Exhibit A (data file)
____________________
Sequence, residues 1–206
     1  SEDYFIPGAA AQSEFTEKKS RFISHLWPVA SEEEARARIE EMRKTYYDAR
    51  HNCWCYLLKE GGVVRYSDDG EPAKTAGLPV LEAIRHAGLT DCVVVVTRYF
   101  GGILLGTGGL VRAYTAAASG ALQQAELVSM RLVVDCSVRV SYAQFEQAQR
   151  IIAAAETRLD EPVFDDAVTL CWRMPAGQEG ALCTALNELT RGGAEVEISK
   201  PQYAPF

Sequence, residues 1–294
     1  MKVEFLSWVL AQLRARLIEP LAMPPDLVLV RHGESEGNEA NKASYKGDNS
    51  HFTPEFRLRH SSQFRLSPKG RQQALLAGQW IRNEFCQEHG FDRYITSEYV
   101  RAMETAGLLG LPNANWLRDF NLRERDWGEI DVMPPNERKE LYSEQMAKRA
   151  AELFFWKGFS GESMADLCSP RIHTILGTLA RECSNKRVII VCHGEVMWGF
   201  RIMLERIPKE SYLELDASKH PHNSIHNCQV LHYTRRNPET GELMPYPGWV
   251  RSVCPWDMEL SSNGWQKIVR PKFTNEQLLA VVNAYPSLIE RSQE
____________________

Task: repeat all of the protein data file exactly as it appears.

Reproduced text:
Sequence, residues 1–206
     1  SEDYFIPGAA AQSEFTEKKS RFISHLWPVA SEEEARARIE EMRKTYYDAR
    51  HNCWCYLLKE GGVVRYSDDG EPAKTAGLPV LEAIRHAGLT DCVVVVTRYF
   101  GGILLGTGGL VRAYTAAASG ALQQAELVSM RLVVDCSVRV SYAQFEQAQR
   151  IIAAAETRLD EPVFDDAVTL CWRMPAGQEG ALCTALNELT RGGAEVEISK
   201  PQYAPF

Sequence, residues 1–294
     1  MKVEFLSWVL AQLRARLIEP LAMPPDLVLV RHGESEGNEA NKASYKGDNS
    51  HFTPEFRLRH SSQFRLSPKG RQQALLAGQW IRNEFCQEHG FDRYITSEYV
   101  RAMETAGLLG LPNANWLRDF NLRERDWGEI DVMPPNERKE LYSEQMAKRA
   151  AELFFWKGFS GESMADLCSP RIHTILGTLA RECSNKRVII VCHGEVMWGF
   201  RIMLERIPKE SYLELDASKH PHNSIHNCQV LHYTRRNPET GELMPYPGWV
   251  RSVCPWDMEL SSNGWQKIVR PKFTNEQLLA VVNAYPSLIE RSQE